Monday, 20 August 2012

THE BOURNE LEGACY - Review By Greg Klymkiw - Men in suits standing around under fluorescent lights and talking plus old-style, classically directed action scenes makes this Bourne reboot crackling good entertainment.

The Bourne Legacy (2010) dir. Tony Gilroy

Starring: Jeremy Renner, Rachel Weisz, Edward Norton, Joan Allen, Stacy Keach, Zejlko Ivanek, David Strathairn, Scott Glenn, Albert Finney


Review By Greg Klymkiw

My idea of a great spy movie is men in suits standing around under fluorescent lights and talking. I don't really need to know what they're talking about - so long as it SOUNDS like THEY know what they're talking about and that whatever it is they're saying SEEMS to pertain to the story at hand. If they're looking at computer monitors, hugging phones to their ears and/or yapping via headsets, I'm super-okay with this. It's definitely a bonus if they're chain smoking, but in this day and age, I'm willing to (grudgingly) forgive a lack of cancer stick ingestion.

If a lot of the dialogue is expositional, this is not as bad as one might think as it assists in our being able to follow what's going on - sort of. It should still be infused with lots of jargon, double-speak and varying degrees of solemnity. It's best we not know too much. The gist is fine. In fact, if the actors are great, I suppose we don't really even need the gist.

The men should mostly be 40-80-something and must look like bureaucrats (which, lest we forget, spies ultimately are). Moustaches are nice, but a supremely clean-cut dome and mug can work just as well.

If they resemble Edward Norton - BONUS! If actually played by Edward Norton, this is, in the parlance of pinball aficionados, double boni.

In this day and age, it is acceptable if women are involved in the endless conversations, but I must admit, I prefer there to be as few of them as possible. If they are babes, this is clearly a bonus - so long as their hair (preferably blonde) is pulled back very tight. Brunettes are fine if they're Rachel Weisz and play scientists in white lab coats. The hair, in this case, does not have to be pulled back tight, but is preferred.

Between these seemingly bottomless pits of conversation, there should be a few good dollops of violence and at least three (my favourite number) nail-biting action set-pieces.

This all pretty much sums up Tony Gilroy's The Bourne Legacy, an extremely satisfying sequel/reboot to the popular Jason Bourne three-picture series based on Robert Ludlum's bestselling books. The first was launched capably by Doug Liman with The Bourne Identity and perfected by the magnificent Paul Greengrass with (the best of the trilogy) The Bourne Supremacy and (second best of the trio) The Bourne Ultimatum.)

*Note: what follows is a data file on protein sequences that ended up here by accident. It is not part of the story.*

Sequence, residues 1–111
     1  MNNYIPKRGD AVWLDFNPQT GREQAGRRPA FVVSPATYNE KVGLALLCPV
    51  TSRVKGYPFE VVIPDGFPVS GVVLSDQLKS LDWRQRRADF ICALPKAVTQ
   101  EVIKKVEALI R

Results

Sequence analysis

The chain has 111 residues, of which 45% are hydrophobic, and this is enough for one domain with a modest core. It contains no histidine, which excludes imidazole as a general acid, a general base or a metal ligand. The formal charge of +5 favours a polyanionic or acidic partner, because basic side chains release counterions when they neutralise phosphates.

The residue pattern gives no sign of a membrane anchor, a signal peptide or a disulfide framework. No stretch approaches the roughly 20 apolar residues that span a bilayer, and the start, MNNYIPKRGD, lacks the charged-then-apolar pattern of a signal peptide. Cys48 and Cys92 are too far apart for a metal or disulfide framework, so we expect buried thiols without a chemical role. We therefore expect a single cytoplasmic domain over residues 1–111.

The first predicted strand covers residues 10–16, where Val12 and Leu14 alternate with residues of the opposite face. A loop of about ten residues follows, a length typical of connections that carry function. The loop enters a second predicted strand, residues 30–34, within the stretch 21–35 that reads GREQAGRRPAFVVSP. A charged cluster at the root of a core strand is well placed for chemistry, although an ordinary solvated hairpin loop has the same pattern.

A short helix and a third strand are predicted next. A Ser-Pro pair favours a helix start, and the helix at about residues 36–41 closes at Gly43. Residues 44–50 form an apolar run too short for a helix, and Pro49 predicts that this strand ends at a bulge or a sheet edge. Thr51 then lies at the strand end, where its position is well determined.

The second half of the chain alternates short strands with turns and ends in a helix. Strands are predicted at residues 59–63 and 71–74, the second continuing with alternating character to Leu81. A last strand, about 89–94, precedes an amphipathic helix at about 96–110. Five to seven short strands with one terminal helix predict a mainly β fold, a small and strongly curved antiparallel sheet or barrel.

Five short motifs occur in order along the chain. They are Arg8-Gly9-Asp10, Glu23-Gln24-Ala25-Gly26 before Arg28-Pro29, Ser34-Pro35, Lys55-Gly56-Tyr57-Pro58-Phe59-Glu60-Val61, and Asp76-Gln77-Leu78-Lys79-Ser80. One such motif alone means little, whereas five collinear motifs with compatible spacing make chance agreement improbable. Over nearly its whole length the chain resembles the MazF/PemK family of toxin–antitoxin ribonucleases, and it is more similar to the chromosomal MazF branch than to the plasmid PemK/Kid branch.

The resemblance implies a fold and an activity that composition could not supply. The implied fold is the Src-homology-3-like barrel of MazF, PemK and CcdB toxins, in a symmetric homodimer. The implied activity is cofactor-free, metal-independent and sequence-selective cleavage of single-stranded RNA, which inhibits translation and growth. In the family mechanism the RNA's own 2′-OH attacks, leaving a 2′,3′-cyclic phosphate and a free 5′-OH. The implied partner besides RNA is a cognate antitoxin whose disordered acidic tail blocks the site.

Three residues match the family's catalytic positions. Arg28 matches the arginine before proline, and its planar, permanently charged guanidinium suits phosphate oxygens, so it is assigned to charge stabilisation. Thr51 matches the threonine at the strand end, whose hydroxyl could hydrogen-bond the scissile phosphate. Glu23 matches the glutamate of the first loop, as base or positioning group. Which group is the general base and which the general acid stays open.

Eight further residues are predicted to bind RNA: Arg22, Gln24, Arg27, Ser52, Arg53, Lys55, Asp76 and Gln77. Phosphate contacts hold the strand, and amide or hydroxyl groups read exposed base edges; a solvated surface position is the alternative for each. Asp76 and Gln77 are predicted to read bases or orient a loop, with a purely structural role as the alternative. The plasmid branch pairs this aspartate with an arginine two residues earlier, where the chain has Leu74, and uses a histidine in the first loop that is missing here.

Starring Matt Damon as an assassin employed and "programmed" by a secret inner chamber of the CIA, the Bourne pictures had less in the way of claustrophobic spy-speak in the bureaucratic back rooms and a lot more wham-bam action. Compared to those three, The Bourne Legacy feels like an art film, or at least, a second-cousin to Tomas Alfredson's recent version of John le Carré's Tinker Tailor Soldier Spy. All four pictures were written by Tony Gilroy, the extremely talented son of playwright/director Frank Gilroy.

As a director, Gilroy has left the semi-risible-semi-watchable Duplicity behind him and returned to the promise he displayed in Michael Clayton. The Bourne Legacy might actually be his best picture to date - lacking the fencepost-sitting of his Clive Owen-Julia Roberts comedy thriller and the occasional dark pretension of the George Clooney effort. This new Bourne picture bodes very well, I think, for us to expect future quality endeavours from this assured voice (and hopefully future instalments in the franchise).

Legacy introduces us to a new "Bourne" played with stalwart assuredness by Jeremy Renner. It appears the inner bowels of the CIA under the special project Treadstone (that originally yielded the "One-of-a-kind" Jason Bourne) has, in actuality, generated several superhuman killers and NOW, they want them all dead and to completely erase the whole operation (which includes killing anyone who works for it). Renner plays Aaron Cross, though for much of the film's running time he's nameless - so much so that some people assumed Renner had taken over the Bourne role from Matt Damon. (I was one of them.)

So, between endless scenes of glorious talking, Renner avoids assassination, hooks up with a Treadstone scientist (Rachel Weizs) marked for assassination and the two of them bop all over the world - kicking ass.

The writing is first-rate for the genre, all the performances are top-flight and what I really love about Gilroy's direction is just how old-school his coverage of action scenes is. They're nail-biting, visceral and relatively free of the spatially-challeneged herky-jerky variety. (The Greengrass herky-jerky is in a class by itself. He's a real filmmaker and he has total control of the footage. His compositions, though short, are painterly and we never lose a sense of where we are or where the characters are unless Greengrass WANTS us too.)

Most action-oriented franchises these days are pretty stupid and usually not all that well made. Some of them even fool critics and audiences into thinking the movies are actually good (e.g. Christopher Nolan's overrated, overhyped tripe and the utterly bland-o-rama and barely competent JJ Abrams, to name a couple of directors offering up roller coaster rides masquerading as movies).

The Bourne Legacy is good, solid filmmaking and delivers anything any fan of espionage-action films would ever want. While it feels like a teaming of Damon and Renner is inevitable, I certainly, on paper anyway, have no problem with the prospect of this.

"The Bourne Legacy" is currently in world wide release from Universal Pictures.